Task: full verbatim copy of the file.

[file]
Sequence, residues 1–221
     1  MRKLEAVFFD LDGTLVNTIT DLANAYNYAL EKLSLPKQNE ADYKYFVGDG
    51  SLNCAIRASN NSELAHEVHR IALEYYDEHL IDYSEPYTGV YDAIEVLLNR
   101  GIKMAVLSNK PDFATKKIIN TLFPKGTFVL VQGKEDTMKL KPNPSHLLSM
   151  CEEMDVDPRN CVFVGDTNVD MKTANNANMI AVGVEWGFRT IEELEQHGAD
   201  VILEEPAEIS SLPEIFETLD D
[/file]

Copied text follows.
Sequence, residues 1–221
     1  MRKLEAVFFD LDGTLVNTIT DLANAYNYAL EKLSLPKQNE ADYKYFVGDG
    51  SLNCAIRASN NSELAHEVHR IALEYYDEHL IDYSEPYTGV YDAIEVLLNR
   101  GIKMAVLSNK PDFATKKIIN TLFPKGTFVL VQGKEDTMKL KPNPSHLLSM
   151  CEEMDVDPRN CVFVGDTNVD MKTANNANMI AVGVEWGFRT IEELEQHGAD
   201  VILEEPAEIS SLPEIFETLD D